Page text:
Jane Gaines (1991: 208-227) has theorized, especially in regard to Superman, that the high levels of popularity will eventually work against the ownership of popular characters as they will move into the public domain through their universality, as the term "aspirin" did.  Given the spirited defense of copyright and trademarks mounted by major companies, this seems doubtful, but may be possible. Copyright  is limited, although it now lasts longer partly due to lobbying by Disney which had feared Mickey Mouse cartoons would enter the public domain in 2003, although Mickey would still have had trademark protection.  Chairman Michael Eisner's appearance on Capitol Hill helped convince Congress to extend copyright's duration (McAllister, 1998).   Metropolitan Life's website includes the warning, "No part of the PEANUTS materials may be copied, reproduced, used or performed in any form (graphic, electronic or mechanical, including photocopying, recording, taping or information storage and retrieval systems) for any purpose without the express written permission of United Feature Syndicate, Inc.," which would seem to ignore the fair use clause in copyright law.  In contrast, a trademark can last forever as long as it is actually being used.  Expansion of both copyright and trademark to protect intellectual property has benefited the owners of cartoon characters, creating a very different situation from what Outcault encountered.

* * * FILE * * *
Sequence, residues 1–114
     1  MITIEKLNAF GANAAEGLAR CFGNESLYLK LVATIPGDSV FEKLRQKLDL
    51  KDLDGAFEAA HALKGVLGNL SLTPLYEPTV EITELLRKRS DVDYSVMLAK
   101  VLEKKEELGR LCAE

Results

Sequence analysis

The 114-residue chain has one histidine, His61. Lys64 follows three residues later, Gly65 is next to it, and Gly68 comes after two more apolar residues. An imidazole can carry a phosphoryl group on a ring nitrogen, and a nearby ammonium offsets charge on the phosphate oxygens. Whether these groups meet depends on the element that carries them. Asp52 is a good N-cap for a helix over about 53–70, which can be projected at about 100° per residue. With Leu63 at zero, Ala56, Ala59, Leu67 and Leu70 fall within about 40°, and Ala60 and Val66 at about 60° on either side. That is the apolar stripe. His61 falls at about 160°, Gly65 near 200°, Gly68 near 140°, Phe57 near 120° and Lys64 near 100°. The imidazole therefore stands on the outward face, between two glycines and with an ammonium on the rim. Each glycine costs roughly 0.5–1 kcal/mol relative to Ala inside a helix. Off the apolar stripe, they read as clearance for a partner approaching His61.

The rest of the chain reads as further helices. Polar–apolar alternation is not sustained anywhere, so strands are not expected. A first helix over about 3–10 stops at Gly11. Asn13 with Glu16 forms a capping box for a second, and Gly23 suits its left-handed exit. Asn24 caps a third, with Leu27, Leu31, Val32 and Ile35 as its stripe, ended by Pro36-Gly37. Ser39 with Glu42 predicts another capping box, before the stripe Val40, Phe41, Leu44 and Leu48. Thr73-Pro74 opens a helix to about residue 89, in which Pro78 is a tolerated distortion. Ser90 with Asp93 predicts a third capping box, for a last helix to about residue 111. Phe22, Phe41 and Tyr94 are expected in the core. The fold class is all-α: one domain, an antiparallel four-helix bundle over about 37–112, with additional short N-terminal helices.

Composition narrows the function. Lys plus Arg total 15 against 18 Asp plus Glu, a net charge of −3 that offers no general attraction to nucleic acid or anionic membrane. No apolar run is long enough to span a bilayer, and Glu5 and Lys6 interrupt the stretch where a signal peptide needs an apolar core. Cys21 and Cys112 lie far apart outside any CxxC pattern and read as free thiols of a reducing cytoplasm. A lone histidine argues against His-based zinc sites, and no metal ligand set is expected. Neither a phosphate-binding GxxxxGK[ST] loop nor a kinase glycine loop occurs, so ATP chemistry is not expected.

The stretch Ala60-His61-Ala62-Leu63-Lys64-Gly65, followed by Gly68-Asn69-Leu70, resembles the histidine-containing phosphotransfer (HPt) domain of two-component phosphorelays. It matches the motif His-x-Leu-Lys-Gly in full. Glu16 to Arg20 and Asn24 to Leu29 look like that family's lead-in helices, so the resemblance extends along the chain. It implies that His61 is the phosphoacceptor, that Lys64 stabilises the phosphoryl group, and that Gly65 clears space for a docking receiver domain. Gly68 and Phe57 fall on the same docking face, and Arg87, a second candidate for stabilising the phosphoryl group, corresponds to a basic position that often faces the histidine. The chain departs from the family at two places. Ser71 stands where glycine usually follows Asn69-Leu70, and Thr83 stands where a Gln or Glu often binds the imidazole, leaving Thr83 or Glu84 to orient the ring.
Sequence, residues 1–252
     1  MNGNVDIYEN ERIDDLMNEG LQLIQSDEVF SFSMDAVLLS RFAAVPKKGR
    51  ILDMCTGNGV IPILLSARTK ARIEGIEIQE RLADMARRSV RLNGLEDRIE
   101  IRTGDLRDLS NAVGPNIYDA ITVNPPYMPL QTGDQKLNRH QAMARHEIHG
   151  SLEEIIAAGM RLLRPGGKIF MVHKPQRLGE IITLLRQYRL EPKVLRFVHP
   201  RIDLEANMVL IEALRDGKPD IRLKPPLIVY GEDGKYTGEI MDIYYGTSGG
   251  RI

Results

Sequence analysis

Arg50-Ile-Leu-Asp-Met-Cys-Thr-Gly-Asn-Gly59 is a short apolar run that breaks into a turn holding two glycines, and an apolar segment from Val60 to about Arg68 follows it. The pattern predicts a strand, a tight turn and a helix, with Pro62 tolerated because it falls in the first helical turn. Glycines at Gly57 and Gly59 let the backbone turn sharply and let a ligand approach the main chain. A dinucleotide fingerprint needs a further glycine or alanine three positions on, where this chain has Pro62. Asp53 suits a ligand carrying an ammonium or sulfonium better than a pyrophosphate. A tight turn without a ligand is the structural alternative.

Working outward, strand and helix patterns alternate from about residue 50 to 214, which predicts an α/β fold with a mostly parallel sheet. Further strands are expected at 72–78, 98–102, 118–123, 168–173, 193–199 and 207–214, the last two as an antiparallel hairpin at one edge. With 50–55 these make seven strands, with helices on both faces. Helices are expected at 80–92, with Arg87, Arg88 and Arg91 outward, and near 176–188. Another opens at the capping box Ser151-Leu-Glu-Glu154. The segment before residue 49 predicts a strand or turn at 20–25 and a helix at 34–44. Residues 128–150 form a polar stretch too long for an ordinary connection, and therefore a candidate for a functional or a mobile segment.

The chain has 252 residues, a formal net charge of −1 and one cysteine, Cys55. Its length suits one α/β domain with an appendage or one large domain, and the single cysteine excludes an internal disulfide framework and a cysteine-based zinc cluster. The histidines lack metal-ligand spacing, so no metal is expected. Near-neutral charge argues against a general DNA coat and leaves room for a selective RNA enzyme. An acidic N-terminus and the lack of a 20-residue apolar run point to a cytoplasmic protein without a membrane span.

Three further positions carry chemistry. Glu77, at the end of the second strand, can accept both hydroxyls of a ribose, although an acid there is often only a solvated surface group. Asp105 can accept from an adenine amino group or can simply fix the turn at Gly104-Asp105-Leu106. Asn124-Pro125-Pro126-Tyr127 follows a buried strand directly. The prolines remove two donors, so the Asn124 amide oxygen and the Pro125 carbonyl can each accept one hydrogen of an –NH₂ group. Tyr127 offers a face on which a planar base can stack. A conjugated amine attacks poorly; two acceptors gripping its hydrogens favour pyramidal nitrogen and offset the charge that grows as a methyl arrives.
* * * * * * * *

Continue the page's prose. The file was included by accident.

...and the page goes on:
Some comics characters are undoubtedly created to be merchandised in a more lucrative medium.  Rom, Spaceknight hit the toy and comic book stores simultaneously, but the comic survived the toy by years.  Oddly enough, there is an example of a cartoonist being created and then merchandised - television's Caroline in the City.  Cartoonist Bonnie Timmons provided the artwork purportedly done by Caroline on the show, and a line of Caroline greeting cards soon followed.

 

            Commercialism of comics is certainly not unique to the United States.  Mauricio de Sousa in Brazil has built a multi-million dollar business based on his character Monica (Vergueiro, 1999: 178-181) and in Europe, Tintin and Asterix are icons in a manner perhaps surprising when one realizes how few graphic novels of each were published.  (There were only 23 Tintin graphic novels, the last new one in 1976).  Asterix, recently the star of a live-action movie, has had a theme park outside of Paris since 1989 (White, 1995; Tagliabue, 1995).  Merchandise based on the Tintin and Asterix is so prevalent that specialty stores have opened in the United States in San Francisco, New York and most recently, in Washington, D.C.